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"What do you read?"

Translation:O que você lê?

January 2, 2013



I am Brazilian and the correct is "O que você lê?". "Que você lê?" Is not correct. We often use "o" before "que" (e.g. "o que você faz?", "o que te incomoda"), because when we use "verbos transitivos diretos" we need to use "o que".


It's você lê o que incorrect?


No, it's correct. But in the end of the question is "quê": Você lê o quê?


Shouldn't "O que você lê" also be correct?


"Que você lê" is wrong!


Hello, natives, I know it's not always easy, but if possible you should try to explain (or at least generalise/exemplify) why the versions not correct are not correct. In this case, as a foreigner I just feel/sense that I need the "O" first on "O que", but I'd really appreciate if anybody could explain why... Thanks a lot! :-)


As I understand it, "O que" = "What", and "Que" = "That", so I always put the O when I want to write "what".

I think Duo would accept "Que" at the beginning of a sentence to mean "what", and I'm pretty sure native speakers would understand you, but I'm not quite sure that it's right. Same for things like "a sua/o seu", I always add the prepositions even when Duo says its okay not to.

I may end up sounding formal and stilted, but I won't be wrong! haha


Hello! I don't completely agree with you, and regarding your last example (o seu/a sua), this is clearly not a grammatical rule, but more of a questionof how specific you want to be when pointing to the followingnoun/objective (if you're stressing the uniqueness/specificity of the thing that is his/hers/yours).

However, my previous posting was meant as a request to the native speakers to help explain the rule. For this lesson both "Que" and "O que" is grammatically correct, but I would very much like to have some info on whether any guidelines exist on when to use 'O' other than our individual gut feeling... :-)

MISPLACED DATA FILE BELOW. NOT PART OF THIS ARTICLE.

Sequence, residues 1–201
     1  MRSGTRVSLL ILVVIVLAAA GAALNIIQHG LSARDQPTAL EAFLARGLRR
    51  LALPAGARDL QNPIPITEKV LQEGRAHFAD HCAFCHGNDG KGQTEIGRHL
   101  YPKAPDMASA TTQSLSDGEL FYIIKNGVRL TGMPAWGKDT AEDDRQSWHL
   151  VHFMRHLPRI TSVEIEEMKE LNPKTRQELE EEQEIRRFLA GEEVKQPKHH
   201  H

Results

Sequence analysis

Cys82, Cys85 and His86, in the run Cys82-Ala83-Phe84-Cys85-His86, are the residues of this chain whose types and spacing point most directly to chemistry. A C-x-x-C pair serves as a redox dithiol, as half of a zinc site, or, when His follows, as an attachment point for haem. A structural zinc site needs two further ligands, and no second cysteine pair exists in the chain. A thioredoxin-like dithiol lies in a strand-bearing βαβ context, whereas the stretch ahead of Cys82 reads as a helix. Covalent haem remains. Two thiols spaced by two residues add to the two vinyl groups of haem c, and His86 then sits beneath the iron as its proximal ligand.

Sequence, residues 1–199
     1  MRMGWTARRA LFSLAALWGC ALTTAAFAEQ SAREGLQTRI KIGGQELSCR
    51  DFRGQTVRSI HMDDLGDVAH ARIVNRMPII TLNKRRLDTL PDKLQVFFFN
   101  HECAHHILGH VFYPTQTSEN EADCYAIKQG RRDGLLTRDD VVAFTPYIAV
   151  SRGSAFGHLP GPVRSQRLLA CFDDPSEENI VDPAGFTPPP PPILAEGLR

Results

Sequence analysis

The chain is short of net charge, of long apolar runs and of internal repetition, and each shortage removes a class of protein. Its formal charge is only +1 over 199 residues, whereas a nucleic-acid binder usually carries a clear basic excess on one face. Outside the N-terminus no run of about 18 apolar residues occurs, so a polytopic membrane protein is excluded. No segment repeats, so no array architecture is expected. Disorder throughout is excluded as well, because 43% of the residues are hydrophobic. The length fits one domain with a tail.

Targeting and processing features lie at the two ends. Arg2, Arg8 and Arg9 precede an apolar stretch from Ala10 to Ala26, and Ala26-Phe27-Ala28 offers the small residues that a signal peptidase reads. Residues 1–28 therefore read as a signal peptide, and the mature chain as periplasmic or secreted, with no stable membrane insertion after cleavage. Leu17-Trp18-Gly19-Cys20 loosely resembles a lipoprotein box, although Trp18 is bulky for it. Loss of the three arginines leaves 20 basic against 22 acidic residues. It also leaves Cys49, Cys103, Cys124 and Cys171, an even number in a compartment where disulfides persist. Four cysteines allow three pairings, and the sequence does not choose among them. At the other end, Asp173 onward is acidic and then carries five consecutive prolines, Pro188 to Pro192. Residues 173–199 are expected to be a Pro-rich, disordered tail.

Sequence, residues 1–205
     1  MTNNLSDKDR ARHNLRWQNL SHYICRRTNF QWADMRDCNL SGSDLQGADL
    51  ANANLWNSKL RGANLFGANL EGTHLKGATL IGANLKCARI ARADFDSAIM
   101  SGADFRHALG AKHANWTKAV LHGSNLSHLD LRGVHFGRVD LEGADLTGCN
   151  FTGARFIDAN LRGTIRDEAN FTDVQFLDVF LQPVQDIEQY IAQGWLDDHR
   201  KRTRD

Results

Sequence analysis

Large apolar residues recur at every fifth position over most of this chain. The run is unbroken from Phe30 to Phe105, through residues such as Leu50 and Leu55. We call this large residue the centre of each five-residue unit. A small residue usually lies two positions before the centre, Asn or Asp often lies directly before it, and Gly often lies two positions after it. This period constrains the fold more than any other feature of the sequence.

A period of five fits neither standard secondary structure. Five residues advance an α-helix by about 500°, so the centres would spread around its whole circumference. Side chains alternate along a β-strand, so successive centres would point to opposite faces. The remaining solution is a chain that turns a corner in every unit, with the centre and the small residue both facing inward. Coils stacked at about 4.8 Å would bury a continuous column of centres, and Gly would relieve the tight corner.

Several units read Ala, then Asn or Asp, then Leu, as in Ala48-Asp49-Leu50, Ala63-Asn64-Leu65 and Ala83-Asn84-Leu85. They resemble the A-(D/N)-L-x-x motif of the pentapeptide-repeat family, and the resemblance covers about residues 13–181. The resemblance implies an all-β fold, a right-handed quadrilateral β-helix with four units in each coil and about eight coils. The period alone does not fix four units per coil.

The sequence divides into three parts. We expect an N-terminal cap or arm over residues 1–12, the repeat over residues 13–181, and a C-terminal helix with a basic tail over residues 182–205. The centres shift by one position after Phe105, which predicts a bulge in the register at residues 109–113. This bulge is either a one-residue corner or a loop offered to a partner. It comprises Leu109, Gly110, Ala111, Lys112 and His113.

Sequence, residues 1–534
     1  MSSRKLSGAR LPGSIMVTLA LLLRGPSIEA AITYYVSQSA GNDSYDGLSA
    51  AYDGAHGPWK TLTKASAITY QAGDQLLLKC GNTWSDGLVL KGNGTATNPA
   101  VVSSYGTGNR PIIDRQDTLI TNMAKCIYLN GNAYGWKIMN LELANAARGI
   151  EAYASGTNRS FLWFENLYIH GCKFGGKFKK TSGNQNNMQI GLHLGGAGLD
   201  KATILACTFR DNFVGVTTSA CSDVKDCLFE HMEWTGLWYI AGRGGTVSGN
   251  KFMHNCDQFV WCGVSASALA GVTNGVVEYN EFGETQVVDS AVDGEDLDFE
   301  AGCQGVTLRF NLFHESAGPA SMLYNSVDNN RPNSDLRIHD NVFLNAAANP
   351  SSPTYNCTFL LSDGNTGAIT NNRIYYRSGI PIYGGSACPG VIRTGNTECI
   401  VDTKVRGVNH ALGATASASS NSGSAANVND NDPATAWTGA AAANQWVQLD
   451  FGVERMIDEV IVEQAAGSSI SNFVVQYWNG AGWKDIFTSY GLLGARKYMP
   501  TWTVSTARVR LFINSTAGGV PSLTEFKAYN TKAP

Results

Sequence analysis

German is my fifth language, and I'm currently re-learning my portuguese because I lost it over time and I want to speak with my family in Portuguese again. That being said, I've learned something about languages : "explanations", with details and such, are useless. They're fun, but the real way to learn a language is to memorize everything by heart. The only thing people can point out to you is where are your mistakes and when/how you're wrong or not or when to use/not use something ; sometimes a translation helps, but it doesn't always exist. The good answers are those who do precisely that.


What is the difference between asking "o que você lê" and "que você lê" ?


I'm brazilian and nobody says "Que você lê?" e.e


Well, what do they say?


"O que você lê?" (:


They are both correct. I think "O que você lê?" is a way to stress the question, and sounds more natural to me. "Que você lê?" sounds odd for some reason. I think "Que livro você lê?" works better.


In case of "which book" in your last example, I think I would also exchange 'que' for 'qual'.


"Que você lê?" Is wrong. That is the difference


Why was it ok to say 'O que bebem os homens?' in a previous exercise, but is wrong to say here 'O que lê você?' ?? Could a native speaker enlighten me a bit about word order? Obrigada!


I'm not a native speaker, but in my (very limited) experience both of those sound wrong- They translate as "what drinks the men" and "what reads you", respectively. If Duo accepted "O que bebem os homens" I would flag that as it's not how I would translate "what do the men drink". I would write it as "O que os homens bebem"